Last week, a tasteless New York Times headline asked, “Are Jared and Ivanka Good for the Jews?” Not only did the article fail to answer the question, it didn’t even attempt to define the terms.
Instead, it wasted nearly 2,000 words confirming that Jews who loathe everything about US President Donald Trump also express disdain for the Jewish members of his family. Jews who support the president take pride in Jared and Ivanka’s contributions to his administration. If there’s something remotely newsworthy in that analysis, the Times didn’t share it.
The article did, however, contain one nugget capable of leading to an answer: a reference to “fierce divisions” growing within the American Jewish community, a “contingent of American Jews who prioritize Israel above any other political or social issue” and “a great deal of anxiety around the coming of the Orthodox.”
It’s impossible to contemplate what’s “good for the Jews” without understanding this fierce division.
Whether the “coming of the Orthodox” is cause for anxiety or hope, it’s happening as a matter of demographics – as is the “going” of everyone else. The future of American Jewry lies with those who, like Jared and Ivanka, embrace traditional Jewish practice and the traditional Jewish commitment to the Jewish people as a collective. Tradition-oriented Jews marry younger, have many more children, are Jewishly educated and remain engaged in Judaism at far higher rates than do less traditional Jews.
The Times’ suggestion that traditional Jews “prioritize Israel above any other political or social issue” is an insulting oversimplification and a barely sanitized restatement of the classic antisemitic “dual loyalty” trope. Nonetheless, it’s clear that traditional and non-traditional Jews do have very different priorities.
Non-traditional Jews, who have long defined the American Jewish mainstream, often claim to find inspiration from Jewish sources. That inspiration, however, never seems to point in directions that zip code, education, and income would predict independent of religion or ethnicity.
These Jews are disproportionately educated, professional, and affluent. Like all American Jews, they’re concentrated in and around major cities in the Northeast, California, and South Florida – plus Chicago.
Like their neighbors, they skew heavily toward the Democratic Left. They list healthcare, abortion rights, lesbian, gay, bisexual and transgender rights, and other progressive priorities as their own. They revere Barack Obama and resist President Trump. They support Black Lives Matter and the Women’s March. They backed the Iran deal and demand a Judenrein state of Palestine. If there’s anything identifiably Jewish about their agenda, it’s well-hidden.
Not so, more traditional Jews. Because these Jews proudly prioritize Jewish issues, they vote increasingly Republican.
Like the GOP, traditional Jews value religious freedom; today’s Democrats insist it’s merely a pretext to excuse bigotry.
Like the GOP, traditional Jews shun antisemites. Today’s Democrats regularly fete Al Sharpton, who led anti-Jewish pogroms in the early 1990s. They promoted a Louis Farrakhan acolyte into party leadership, and are in the process of rehabilitating Farrakhan himself. Hamas supporters and terror apologists run all important new progressive organizations and are entering Congress as Democrats.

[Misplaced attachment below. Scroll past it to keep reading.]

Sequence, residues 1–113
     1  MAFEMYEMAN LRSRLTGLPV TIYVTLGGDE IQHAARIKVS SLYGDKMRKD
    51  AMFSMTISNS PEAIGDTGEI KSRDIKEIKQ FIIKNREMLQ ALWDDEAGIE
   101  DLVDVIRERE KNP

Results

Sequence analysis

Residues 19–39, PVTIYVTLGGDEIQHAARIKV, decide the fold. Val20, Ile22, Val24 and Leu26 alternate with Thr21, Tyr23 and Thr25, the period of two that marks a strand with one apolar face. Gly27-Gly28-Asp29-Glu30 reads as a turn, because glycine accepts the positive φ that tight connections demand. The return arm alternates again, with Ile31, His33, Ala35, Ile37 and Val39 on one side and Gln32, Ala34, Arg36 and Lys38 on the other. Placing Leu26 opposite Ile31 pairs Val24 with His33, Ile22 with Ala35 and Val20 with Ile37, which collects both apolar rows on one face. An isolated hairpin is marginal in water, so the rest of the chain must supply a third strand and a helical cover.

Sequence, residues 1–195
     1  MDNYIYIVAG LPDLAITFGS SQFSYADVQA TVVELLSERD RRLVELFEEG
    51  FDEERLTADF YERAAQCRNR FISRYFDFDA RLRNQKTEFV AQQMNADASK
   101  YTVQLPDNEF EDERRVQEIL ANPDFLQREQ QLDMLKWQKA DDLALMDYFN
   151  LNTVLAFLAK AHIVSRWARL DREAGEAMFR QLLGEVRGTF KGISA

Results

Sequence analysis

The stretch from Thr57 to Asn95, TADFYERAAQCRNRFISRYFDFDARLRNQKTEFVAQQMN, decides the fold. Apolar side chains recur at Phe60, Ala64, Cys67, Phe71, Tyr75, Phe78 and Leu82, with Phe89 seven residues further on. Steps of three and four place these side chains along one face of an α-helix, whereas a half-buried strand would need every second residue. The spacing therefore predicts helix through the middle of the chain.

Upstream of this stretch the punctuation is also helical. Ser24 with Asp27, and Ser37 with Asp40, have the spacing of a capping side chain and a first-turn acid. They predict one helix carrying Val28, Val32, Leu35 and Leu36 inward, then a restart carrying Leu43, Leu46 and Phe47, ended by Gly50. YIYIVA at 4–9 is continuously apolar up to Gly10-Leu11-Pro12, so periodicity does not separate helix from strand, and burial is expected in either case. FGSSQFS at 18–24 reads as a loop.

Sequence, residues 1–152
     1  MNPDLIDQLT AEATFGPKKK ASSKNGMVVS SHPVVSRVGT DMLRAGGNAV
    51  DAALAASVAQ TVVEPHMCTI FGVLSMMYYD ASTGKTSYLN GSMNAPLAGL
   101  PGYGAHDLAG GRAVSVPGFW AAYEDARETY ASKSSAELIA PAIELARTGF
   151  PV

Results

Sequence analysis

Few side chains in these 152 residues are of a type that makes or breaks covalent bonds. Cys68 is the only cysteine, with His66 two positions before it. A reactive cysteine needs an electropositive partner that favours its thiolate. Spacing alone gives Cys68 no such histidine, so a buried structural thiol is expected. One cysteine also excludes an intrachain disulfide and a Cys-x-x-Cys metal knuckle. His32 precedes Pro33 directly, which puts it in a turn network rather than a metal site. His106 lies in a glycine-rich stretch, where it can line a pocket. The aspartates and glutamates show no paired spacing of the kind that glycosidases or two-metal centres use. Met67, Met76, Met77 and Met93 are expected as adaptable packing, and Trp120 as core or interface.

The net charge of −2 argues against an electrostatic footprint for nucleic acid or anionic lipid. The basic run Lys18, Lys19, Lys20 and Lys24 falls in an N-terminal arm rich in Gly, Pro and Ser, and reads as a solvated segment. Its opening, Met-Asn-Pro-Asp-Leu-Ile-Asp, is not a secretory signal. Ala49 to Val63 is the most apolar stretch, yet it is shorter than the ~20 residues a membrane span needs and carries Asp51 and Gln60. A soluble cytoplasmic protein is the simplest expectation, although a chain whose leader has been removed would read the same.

Like the GOP, traditional Jews want to preserve Israel as a strong, secure Jewish state. Democrats increasingly condemn Israel’s defensive actions, endorse the BDS movement, champion terror-funding Mahmoud Abbas, mainstream the Muslim Brotherhood and seek to reintegrate a nuclear-threshold Iran into the global economy.
Traditional Jews embrace American exceptionalism and recognize the anti-American and antisemitic malevolence of imperialist bodies like the United Nations and the International Criminal Court. Democrats revere these institutions.
Beyond those issues central to protecting Judaism, Jews, and the Jewish collective, respectively, traditional Jews span the political spectrum. They don’t pretend to hold specifically Jewish positions on economics, the environment, regulation, immigration, entitlement reform, or most other areas of public policy. Like all Americans, they each elevate the concerns closest to their own hearts. For Jared, that issue is sentencing and prison reform. For Ivanka, it’s issues of concern to working mothers.
Traditional Jews are overwhelmingly proud that the president has embraced the traditional Jews in his own family; he clearly values Jared and Ivanka’s perspectives and advice.
And traditional Jews appreciate that Jared and Ivanka are proudly Jewish, rather than loudly Jewish: Gifted and attractive, the remarkably blessed young couple invariably comport themselves with dignity and restraint amidst raucous, hyper-partisan Washington. Quietly, they remain true to themselves, and to the values of the traditional Jewish community, exhibiting extraordinary grace in the face of astonishing venom.
All of which makes it possible to answer the New York Times. Are Jared and Ivanka good for the Jews? They’re wonderful for Jews who prioritize Jewish identity, faith, security, and continuity and who believe in America’s goodness and greatness. As for the rest – Jews whose identity has dwindled to little more than generic progressivism? Following another Jewish tradition, we answer that question with a question: Does it really matter? Bruce Abramson is a senior fellow at the London Center for Policy Research and a contributor to the news and public policy group Haym Solomon Center. Jeff Ballabon is CEO of B2 Strategic and a senior fellow at the Center for Statesmanship and Diplomacy.
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